There were a variety of responses on the part of African peoples to colonial rule. Supporters of colonialism in Europe claimed that the average African person welcomed colonialism. Colonialism, they argued, brought the end of slavery in East and Central Africa and brought a stop to inter-kingdom warfare in parts of West Africa. While there is some truth to the claim that colonialism brought peace to a few areas in Africa, and that there were some peoples who were initially thankful for an end to violence in their areas, the historical evidence does not support the claim that there was widespread support for colonial rule. Indeed, there is also considerable evidence of strong resistance to colonial rule.
By the beginning of World War I in 1914, all of Africa, with the exception of Liberia and Ethiopia, had been colonized, and initial African resistance had been overcome by the colonial powers. Over the next decades as colonial rule became institutionalized, African resistance to colonialism became more focused and intense. By the 1950s, there were organized nationalist parties that demanded political independence in almost every colony in Africa.
In this final section of this module, we will look at four phases of African reaction to colonial rule: early resistance, demand for equity and inclusion, nationalism/mass movement, and struggle for national liberation. Early (Primary) Resistance to Colonialism
Early African reaction to European intrusion into Africa in the late 19th century was not uniform. A few groups that had suffered from long-term warfare or slave raiding (such as in parts of East Africa) gave an uncertain welcome to European presence in their regions in hope that there would be peace. Other groups strongly resisted the coming of European political control. However, many people had no initial reaction to colonialism. This was because the early years colonialism had little impact on the lives of many rural African peoples. This situation changed as the impact of colonialism became more widespread and intense in the middle decades of the 20th century.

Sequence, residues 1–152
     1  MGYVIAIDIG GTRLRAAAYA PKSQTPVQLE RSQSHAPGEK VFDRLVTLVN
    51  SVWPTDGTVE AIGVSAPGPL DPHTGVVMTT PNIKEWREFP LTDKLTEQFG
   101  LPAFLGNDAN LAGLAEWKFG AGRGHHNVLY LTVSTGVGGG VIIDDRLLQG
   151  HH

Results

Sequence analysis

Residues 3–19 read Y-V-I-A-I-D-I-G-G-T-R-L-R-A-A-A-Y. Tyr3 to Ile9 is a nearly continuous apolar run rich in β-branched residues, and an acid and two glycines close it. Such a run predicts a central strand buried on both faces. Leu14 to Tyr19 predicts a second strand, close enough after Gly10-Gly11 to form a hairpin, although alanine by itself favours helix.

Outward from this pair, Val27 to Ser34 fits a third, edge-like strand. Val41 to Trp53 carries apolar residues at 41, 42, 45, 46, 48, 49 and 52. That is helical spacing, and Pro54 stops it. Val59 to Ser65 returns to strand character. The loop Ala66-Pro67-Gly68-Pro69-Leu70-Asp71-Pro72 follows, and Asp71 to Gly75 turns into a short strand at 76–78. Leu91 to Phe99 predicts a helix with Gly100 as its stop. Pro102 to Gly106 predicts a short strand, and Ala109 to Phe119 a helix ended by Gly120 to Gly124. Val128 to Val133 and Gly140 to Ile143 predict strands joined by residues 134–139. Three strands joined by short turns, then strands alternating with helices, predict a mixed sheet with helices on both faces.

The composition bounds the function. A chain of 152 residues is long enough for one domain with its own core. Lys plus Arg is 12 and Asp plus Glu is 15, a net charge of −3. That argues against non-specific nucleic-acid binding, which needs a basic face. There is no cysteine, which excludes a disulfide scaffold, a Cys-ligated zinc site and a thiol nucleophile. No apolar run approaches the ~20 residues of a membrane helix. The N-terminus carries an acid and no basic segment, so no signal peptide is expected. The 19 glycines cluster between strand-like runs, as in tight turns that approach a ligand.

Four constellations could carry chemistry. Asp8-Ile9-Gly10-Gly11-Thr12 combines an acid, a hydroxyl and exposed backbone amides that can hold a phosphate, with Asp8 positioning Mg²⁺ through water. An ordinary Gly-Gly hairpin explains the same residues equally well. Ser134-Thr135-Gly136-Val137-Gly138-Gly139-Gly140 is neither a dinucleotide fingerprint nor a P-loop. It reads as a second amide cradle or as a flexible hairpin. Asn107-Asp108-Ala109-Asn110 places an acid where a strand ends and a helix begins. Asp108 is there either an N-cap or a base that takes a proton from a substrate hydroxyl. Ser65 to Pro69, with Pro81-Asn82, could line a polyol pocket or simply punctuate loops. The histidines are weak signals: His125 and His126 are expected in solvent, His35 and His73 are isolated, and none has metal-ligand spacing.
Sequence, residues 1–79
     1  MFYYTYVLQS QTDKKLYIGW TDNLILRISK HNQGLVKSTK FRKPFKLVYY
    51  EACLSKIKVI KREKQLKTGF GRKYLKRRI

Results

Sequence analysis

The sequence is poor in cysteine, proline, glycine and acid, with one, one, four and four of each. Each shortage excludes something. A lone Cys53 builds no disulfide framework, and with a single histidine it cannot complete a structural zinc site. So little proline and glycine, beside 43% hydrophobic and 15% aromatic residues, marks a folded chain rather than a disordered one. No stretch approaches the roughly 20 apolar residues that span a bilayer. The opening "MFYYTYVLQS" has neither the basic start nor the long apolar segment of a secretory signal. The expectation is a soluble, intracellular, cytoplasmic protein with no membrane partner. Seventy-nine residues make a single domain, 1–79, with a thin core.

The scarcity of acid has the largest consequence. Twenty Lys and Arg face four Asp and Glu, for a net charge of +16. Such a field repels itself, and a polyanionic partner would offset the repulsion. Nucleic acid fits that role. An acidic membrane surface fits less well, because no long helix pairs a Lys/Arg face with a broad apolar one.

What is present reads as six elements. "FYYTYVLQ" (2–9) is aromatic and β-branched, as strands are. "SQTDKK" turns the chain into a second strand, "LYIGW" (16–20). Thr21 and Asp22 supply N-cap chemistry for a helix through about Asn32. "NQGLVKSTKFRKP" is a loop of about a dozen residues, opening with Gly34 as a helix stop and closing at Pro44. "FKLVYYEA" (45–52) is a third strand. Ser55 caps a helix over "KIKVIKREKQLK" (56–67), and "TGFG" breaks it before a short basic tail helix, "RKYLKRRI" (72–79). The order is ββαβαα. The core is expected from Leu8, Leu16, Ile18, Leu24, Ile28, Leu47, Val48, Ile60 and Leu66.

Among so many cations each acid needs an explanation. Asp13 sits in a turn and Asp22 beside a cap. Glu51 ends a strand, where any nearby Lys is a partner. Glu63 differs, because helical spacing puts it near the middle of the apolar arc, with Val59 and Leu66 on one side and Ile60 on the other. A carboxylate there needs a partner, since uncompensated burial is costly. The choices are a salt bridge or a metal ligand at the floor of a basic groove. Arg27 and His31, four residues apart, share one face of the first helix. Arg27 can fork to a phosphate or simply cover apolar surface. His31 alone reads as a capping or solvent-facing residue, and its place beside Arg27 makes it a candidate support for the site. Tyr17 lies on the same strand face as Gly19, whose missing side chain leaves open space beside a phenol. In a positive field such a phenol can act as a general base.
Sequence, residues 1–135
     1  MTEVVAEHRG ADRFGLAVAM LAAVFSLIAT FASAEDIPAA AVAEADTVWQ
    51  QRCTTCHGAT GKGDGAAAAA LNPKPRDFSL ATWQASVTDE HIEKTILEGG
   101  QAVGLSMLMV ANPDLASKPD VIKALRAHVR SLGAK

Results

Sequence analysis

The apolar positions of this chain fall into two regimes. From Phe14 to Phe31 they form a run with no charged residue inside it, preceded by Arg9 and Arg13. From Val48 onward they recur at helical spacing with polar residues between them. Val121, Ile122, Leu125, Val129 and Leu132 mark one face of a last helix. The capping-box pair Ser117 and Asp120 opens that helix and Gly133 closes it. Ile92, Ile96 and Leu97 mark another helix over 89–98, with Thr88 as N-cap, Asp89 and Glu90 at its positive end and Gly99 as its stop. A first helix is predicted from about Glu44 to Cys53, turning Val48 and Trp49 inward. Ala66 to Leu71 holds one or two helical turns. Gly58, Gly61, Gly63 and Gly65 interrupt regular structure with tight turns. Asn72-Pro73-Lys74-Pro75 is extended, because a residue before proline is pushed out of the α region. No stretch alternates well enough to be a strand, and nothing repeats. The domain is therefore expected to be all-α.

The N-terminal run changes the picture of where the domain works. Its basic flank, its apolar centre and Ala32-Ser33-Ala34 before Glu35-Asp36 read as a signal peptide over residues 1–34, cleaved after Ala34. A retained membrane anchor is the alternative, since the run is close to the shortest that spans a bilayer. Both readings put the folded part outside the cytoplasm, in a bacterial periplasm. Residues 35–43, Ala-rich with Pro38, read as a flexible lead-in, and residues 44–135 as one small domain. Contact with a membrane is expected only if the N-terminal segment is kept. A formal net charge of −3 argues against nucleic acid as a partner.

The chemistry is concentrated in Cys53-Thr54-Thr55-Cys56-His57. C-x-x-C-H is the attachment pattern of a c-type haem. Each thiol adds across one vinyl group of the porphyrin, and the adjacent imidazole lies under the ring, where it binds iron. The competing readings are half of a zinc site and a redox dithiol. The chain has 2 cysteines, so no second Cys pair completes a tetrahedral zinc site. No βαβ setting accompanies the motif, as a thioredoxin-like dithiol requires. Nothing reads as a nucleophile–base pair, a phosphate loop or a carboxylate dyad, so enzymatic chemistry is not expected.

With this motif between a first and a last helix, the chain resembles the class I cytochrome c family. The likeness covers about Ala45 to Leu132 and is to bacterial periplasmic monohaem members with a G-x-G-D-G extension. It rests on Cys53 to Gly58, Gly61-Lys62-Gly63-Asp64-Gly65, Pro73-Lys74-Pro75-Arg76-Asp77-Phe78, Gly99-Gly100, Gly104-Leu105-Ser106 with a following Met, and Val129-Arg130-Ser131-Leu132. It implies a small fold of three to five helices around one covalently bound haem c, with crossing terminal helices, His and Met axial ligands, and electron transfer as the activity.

Throughout the period of the Scramble for Africa, European colonizers faced stiff resistance in many parts of Africa. It would take up too much time and space to present information on all instances of resistance. The map below identifies seven examples of early resistance to colonial rule from across Africa. The numbers in the list below correspond to those on the map. By clicking on a number from the list, you will receive information on that particular expression of resistance.
AFRICAN RESISTANCE TO THE ESTABLISHMENT OF COLONIAL RULE
Examples of Resistance:
1. 1.Chimurenga Resistance (Zimbabwe)
2. 2. Battle of Isandhlawana
3. 3. Maji-Maji Uprising (Tanganyika)
4. 4. Battle of Adowa (Ethiopia)
5. 5. Asante Resistance (Ghana)
6. 6. Samori Ture
7. 7. Libyan Resistance
Demands for Equity and Inclusion: The Inter-War Years
By the end of World War I, most of Africa had been effectively colonized. European colonialists had managed to quell the efforts by Africans to resist the establishment of colonial rule. The next two decades, the period historians call the inter-war years, were relatively quiet years in colonial Africa. This relative quiet, however, did not indicate that the colonized people of Africa were happy with colonial rule-that there was no opposition to colonialism.
During the inter-war years opposition to colonialism was expressed in one of the following forms:
* Demands for opportunity and inclusion: Many Africans at this time accepted the reality of colonial rule but they did not accept the harsh discrimination and the lack of opportunity that was a central part of the colonial experience. Opposition to these aspects of colonialism was particularly strong among educated Africans. Educated Africans believed that "all humans are created equal." Discriminatory colonial policies...
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